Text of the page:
IMPACT ON IRAS, 401(K)S AND 529 SAVINGS ACCOUNTS
On December 20, 2019 Congress passed a comprehensive governmental spending package, which included provisions creating the Setting Every Community Up for Retirement Enhancement (SECURE) Act. Congress’s intent with the legislation was to initiate long
- Age for required minimum distributions (RMDs) raised to 72. Americans will no longer be required to withdraw assets from IRAs and 401(k)s at age 70 ½. RMDs will now be required starting at age 72 for individuals that turn 70 ½ as of 2020.
- Maximum age for IRA contributions raised to 72. Americans will no longer be required to cease making IRA contributions beyond 70 1/2. As per the SECURE Act, contributions to a traditional IRA can now be made until age 72 as long as you are still working.
- Stretch IRAs now limited to a 10 year distribution period. Prior to the SECURE Act, with an inherited IRA or 401(k), it was easy to “stretch” your distribution and the corresponding tax liability over a beneficiary’s life expectancy. After the passage of the SECURE Act, IRAs and 401(k)s inherited from original owners who have passed away on or after January 1, 2020 require many beneficiaries to withdraw such inherited IRA or 401(k) assets within 10 years following the death of the original account owner. Exceptions to the 10 year distribution rule include assets such as 401(k)s and IRAs left to a surviving spouse, a child under the age of 18, and in some instances disabled or terminally ill beneficiaries.
- 401(k) plans must be made available to long term, part time workers. Prior to the passage of the SECURE Act, if an employee worked less than 1000 hours per year, they were typically not able to participate in their company’s 401(k) Plan. After the passage of the SECURE Act, employers that maintain a 401(k) Plan are also required to allow for participation to all employees who have worked more than 1000 hours in a year or 500 hours per year over three consecutive years.
- Tax credits for small business owners starting a retirement plan. The SECURE Act creates a startup for retirement plan credit for small businesses equal to $250 per non-highly compensated employee eligible to enroll in such an employer based retirement plan. The maximum credits that can be earned cannot exceed $5,000. For purposes of the Act, small employers are defined as having up to 100 employees over a three year period beginning January 1, 2020. Lastly, if the retirement plan includes an automatic enrollment feature, $500 worth of additional credits can be obtained.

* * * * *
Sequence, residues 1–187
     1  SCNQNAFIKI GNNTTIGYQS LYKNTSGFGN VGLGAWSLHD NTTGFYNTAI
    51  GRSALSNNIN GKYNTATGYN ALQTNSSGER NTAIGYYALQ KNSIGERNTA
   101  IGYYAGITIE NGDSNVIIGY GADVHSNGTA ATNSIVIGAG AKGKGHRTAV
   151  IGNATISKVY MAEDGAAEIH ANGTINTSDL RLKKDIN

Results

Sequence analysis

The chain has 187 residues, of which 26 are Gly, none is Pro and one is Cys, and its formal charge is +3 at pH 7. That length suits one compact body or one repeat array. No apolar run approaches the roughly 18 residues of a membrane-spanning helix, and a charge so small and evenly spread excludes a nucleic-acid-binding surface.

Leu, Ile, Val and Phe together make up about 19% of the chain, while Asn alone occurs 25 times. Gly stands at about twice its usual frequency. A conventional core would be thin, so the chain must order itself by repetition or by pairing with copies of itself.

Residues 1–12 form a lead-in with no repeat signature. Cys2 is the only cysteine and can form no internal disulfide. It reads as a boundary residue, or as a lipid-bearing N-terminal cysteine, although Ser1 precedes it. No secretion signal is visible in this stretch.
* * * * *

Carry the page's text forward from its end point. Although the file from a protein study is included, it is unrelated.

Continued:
- Revisions to permissible withdraws from 401(k) plans and IRAs. The SECURE Act permits withdraws of up to $5,000 per parent penalty free from a 401(k) or IRA Plan as a result of a child being born or adopted.
- Up to $10,000 worth of 529 savings accounts funds can be used to pay for existing student loans. If families have leftover funds in their section 529 savings plans after their beneficiaries graduate, up to $10,000 worth of those funds may be utilized to pay down existing student loans during that students’ life time.
The aforementioned provisions of the SECURE Act represent a few of the most pertinent changes affecting IRA plans, 401(k) Plans and Section 529 savings accounts. To learn more about the SECURE Act and its effects on retirement savings contact a CGA Law attorney.
By Frank H. Countess, Esquire
Shareholder and Estate Planning & Administration Attorney at CGA Law Firm
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